Demodicosis is an inflammatory skin disease in cats caused by the Demodex mite. There are two species, Demodex cati and Demodex gatoi which infect cats.
- Demodex cati is long and slim, living within the hair follicles.
- Demodex gatoi is shorter, living within the surface layers of your cat’s skin.
Demodicosis a common infection in dogs, but rare in cats and when it does occur, it usually in cats who are immunocompromised or malnourished. Diseases such as diabetes, hyperadrenocorticism (Cushing’s syndrome), feline leukemia virus, feline immunodeficiency virus and use of immunosuppressive drugs can all predispose your cat to develop demodicosis.
The life cycle of these mites is 20-35 days and is spent entirely on the host. There are no age, sex or breed predilections.
Transmission occurs through direct cat to cat contact. Most cats remain asymptomatic, however, those who have a weak immune system can go on to develop clinical signs of demodicosis.
- Crusting: Single or multiple areas of alopecia with crusting and scaly looking patches of skin on the balding areas. The head, ears, and neck are most commonly affected areas, but it can occur elsewhere.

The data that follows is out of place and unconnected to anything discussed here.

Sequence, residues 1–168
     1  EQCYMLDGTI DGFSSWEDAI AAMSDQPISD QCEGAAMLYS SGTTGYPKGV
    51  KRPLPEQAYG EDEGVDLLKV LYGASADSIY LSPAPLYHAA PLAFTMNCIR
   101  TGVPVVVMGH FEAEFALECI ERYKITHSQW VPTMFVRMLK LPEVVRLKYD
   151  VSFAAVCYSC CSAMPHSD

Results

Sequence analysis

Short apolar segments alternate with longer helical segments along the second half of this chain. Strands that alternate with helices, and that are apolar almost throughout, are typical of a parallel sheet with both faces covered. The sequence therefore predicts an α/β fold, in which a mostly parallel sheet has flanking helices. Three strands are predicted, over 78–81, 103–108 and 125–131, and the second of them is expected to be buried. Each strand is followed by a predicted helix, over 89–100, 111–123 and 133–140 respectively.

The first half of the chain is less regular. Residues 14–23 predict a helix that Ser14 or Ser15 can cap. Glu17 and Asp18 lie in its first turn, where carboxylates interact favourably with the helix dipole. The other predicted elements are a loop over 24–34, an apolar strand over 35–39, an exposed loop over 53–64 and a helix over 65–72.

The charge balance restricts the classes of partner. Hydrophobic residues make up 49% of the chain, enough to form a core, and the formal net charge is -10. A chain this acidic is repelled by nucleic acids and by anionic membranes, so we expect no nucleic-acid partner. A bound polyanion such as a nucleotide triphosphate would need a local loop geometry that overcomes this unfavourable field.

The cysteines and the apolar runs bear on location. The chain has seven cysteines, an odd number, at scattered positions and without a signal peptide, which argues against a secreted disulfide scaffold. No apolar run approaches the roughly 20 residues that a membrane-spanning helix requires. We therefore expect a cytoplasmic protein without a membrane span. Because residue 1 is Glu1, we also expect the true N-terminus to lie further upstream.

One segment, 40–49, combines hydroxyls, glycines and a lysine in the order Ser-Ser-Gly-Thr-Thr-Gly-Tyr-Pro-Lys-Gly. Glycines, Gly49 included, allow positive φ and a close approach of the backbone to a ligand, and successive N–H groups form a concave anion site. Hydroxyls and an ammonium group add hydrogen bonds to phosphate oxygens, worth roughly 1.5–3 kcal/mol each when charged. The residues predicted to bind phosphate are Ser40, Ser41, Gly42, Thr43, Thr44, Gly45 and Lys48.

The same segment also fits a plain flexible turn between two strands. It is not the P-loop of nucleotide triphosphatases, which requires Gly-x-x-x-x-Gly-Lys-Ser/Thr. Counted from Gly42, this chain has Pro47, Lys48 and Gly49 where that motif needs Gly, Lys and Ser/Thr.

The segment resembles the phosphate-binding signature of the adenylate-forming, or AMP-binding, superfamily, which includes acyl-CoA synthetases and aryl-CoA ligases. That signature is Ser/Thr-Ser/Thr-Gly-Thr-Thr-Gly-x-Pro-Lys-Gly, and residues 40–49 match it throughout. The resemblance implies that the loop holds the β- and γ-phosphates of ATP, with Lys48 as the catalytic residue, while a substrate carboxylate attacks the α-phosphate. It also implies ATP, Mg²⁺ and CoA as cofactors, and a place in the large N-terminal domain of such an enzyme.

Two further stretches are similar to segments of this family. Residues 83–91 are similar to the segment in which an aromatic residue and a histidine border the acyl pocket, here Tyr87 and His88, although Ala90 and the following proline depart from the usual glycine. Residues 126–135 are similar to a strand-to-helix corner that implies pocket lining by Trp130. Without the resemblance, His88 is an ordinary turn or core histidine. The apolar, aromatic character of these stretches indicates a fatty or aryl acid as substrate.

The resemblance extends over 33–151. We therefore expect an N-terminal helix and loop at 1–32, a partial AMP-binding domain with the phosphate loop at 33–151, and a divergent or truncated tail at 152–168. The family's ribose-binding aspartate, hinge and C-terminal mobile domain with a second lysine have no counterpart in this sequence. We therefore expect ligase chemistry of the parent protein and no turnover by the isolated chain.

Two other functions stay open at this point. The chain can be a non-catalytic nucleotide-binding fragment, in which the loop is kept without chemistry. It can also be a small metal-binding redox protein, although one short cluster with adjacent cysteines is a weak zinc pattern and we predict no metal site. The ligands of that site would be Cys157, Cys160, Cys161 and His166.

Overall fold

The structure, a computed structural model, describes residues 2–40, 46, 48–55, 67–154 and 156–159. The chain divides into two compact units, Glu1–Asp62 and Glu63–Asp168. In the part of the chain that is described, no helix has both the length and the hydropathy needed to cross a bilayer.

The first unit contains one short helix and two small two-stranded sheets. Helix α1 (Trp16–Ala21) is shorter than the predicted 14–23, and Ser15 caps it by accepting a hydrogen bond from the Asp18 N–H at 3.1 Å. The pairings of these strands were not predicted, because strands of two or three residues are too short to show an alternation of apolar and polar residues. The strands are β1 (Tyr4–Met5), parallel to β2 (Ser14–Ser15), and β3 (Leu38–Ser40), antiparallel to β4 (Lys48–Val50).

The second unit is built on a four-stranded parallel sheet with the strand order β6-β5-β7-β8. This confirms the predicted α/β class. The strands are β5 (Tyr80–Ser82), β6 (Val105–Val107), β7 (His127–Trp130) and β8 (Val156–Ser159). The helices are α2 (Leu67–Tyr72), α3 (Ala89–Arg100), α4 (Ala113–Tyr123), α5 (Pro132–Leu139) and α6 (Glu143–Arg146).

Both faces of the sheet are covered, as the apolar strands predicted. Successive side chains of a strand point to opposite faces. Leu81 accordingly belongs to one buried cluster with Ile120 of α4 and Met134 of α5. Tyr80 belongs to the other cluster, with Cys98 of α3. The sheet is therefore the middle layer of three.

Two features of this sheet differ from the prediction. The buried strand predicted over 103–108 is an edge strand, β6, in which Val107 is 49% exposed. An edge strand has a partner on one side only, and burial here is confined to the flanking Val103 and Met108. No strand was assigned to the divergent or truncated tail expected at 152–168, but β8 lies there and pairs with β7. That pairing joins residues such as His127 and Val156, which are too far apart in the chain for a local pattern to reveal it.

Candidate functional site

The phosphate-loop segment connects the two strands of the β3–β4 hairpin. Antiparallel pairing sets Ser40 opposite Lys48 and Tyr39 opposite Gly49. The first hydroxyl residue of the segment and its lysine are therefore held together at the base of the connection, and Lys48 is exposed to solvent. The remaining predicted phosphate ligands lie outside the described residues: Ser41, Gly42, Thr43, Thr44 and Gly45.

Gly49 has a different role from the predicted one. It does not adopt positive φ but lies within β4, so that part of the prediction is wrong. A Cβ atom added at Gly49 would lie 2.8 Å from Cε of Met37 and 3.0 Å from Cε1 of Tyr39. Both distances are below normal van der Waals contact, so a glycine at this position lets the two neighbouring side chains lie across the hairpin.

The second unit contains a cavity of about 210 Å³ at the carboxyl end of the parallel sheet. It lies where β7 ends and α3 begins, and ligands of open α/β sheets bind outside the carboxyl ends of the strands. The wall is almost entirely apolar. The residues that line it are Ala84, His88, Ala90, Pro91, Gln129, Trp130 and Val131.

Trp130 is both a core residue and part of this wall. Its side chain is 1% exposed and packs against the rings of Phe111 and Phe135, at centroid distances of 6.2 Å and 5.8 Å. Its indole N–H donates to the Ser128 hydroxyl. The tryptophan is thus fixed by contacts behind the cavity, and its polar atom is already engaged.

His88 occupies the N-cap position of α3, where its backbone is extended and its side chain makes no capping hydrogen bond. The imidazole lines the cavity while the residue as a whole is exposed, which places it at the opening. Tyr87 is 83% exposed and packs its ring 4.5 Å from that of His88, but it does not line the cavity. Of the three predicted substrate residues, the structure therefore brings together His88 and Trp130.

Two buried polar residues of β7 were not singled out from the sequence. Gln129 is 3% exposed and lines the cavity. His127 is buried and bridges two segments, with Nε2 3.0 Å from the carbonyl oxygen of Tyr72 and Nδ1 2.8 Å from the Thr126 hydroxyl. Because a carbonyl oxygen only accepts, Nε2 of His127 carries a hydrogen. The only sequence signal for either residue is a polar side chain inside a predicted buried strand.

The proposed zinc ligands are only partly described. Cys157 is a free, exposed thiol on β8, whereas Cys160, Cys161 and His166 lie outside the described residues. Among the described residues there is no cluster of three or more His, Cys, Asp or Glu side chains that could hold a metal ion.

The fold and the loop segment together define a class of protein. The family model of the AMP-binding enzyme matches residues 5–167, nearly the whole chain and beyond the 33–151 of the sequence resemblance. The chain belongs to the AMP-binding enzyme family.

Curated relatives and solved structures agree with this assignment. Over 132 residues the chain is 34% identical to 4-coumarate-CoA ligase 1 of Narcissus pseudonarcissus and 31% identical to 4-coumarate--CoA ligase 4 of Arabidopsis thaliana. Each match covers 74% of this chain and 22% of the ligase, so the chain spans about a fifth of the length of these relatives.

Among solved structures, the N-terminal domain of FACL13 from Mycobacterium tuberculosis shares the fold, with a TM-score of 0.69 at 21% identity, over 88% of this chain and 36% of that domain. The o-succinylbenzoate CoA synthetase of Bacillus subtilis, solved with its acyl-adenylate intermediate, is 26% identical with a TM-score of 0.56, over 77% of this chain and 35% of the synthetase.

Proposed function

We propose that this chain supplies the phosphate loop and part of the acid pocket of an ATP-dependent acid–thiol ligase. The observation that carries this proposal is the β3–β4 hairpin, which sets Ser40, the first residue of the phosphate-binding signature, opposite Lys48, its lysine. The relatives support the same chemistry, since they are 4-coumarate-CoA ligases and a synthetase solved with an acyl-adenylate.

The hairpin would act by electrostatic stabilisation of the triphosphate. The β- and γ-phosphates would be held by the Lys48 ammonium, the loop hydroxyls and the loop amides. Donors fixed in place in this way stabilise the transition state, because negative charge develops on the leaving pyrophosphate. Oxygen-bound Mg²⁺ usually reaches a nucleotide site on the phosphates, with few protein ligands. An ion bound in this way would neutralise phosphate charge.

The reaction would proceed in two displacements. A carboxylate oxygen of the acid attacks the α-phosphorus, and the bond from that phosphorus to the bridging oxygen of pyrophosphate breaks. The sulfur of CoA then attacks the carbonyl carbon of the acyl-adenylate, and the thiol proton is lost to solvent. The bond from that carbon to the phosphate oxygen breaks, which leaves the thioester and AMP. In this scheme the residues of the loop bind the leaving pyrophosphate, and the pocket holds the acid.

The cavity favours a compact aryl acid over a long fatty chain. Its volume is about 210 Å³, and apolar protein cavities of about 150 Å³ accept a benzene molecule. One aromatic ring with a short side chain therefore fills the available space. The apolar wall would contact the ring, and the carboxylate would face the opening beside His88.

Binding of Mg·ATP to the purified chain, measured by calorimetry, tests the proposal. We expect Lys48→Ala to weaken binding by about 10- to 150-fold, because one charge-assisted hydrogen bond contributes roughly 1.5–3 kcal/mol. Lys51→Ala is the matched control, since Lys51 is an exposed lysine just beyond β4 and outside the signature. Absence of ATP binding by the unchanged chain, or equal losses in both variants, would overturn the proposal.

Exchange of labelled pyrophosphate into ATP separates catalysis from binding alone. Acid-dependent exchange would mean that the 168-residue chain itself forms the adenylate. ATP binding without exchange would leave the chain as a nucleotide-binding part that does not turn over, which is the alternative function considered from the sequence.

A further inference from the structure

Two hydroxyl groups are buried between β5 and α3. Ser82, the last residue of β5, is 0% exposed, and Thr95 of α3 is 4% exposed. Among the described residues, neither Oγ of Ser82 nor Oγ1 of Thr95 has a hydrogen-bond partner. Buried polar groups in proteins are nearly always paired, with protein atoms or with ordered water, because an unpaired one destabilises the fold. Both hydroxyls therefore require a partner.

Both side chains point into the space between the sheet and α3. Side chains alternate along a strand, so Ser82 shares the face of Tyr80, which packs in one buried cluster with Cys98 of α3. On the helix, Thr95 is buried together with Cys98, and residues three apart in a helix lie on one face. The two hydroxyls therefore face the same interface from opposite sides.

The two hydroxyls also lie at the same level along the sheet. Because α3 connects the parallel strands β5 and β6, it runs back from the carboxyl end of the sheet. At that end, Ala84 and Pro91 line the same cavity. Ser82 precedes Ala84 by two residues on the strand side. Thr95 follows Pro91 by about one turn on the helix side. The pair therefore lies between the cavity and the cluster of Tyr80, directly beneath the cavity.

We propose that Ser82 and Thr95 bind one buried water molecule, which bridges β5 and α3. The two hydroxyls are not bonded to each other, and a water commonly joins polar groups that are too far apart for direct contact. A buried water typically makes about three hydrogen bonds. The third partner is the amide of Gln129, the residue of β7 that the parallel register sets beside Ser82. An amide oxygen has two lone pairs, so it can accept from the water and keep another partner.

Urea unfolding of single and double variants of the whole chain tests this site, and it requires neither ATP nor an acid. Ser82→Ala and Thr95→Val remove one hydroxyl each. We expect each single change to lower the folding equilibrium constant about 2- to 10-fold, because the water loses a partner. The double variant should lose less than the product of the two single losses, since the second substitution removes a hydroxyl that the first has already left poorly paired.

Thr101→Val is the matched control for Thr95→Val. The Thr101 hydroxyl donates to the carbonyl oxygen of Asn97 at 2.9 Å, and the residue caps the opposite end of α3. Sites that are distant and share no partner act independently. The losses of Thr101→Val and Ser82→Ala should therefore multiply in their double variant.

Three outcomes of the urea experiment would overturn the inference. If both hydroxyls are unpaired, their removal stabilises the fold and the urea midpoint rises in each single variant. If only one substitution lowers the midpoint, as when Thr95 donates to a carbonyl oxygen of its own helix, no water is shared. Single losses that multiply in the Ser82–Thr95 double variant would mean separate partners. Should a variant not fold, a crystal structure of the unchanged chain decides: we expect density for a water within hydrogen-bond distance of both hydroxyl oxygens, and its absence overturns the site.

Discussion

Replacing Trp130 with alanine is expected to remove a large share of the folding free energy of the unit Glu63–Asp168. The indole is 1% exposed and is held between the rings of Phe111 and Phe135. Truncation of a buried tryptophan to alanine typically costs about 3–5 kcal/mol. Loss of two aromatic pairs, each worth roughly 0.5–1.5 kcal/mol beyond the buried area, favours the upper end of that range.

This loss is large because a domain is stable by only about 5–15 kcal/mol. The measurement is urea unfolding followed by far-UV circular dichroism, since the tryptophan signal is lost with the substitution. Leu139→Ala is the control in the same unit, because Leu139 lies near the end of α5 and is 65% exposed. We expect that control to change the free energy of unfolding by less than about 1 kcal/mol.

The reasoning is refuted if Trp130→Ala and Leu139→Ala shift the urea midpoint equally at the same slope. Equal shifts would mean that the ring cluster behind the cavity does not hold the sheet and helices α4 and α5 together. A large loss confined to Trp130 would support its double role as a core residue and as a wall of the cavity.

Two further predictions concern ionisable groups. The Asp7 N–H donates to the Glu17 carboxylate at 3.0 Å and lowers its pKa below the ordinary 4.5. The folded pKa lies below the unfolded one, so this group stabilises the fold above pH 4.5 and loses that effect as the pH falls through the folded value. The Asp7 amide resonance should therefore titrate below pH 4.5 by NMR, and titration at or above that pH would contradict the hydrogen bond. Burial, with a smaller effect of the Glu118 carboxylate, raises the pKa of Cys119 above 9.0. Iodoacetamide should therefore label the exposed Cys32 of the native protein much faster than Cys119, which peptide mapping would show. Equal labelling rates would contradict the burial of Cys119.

- Feline acne: Comedones (blackheads) develop on the chin. Inflammation and redness can occur.
- Hair loss: Generalised demodicosis may also occur with large areas of symmetrical thinning of the hair or alopecia along with patchy areas on the head, neck and ears and crusting, fluid-filled sores. Over grooming can exacerbate this problem.
- Ear wax: A waxy secretion produced by the ears in response to mite infection along with comedones.
Image Nottingham Vet School, Flickr
Your veterinarian can diagnose demodicosis from skin scrapings and ear swabs.
Mites can often be hard to find, and several scrapings from various parts of the body may be necessary. The mite can often be in fecal material when ingested during grooming.
Test all cats from the household, even if they are non-symptomatic.
Additional tests may be necessary to check for underlying immunosuppressive disease, this may include FIV and FeLV tests, biochemical profile, complete blood count, and urinalysis which can evaluate organ function.
Find and treat the underlying cause where possible as well as medications to kill the mite. Spontaneous remission may occur in untreated cats, especially those with localised demodicosis.
- Lime sulfur dips or shampoos for four to six weeks. Continue dips until skin scraping tests return negative.
- Amitraz is an insecticide which can kill the mites. This is toxic to cats, therefore use great care and closely monitor your cat.
Other treatments may include the following:
- Daily or weekly oral ivermectin for four weeks. It is important to monitor the cat during treatment.
- Wash bedding and blankets in very hot water, hang in the sun to dry.
- Treat all cats in the household.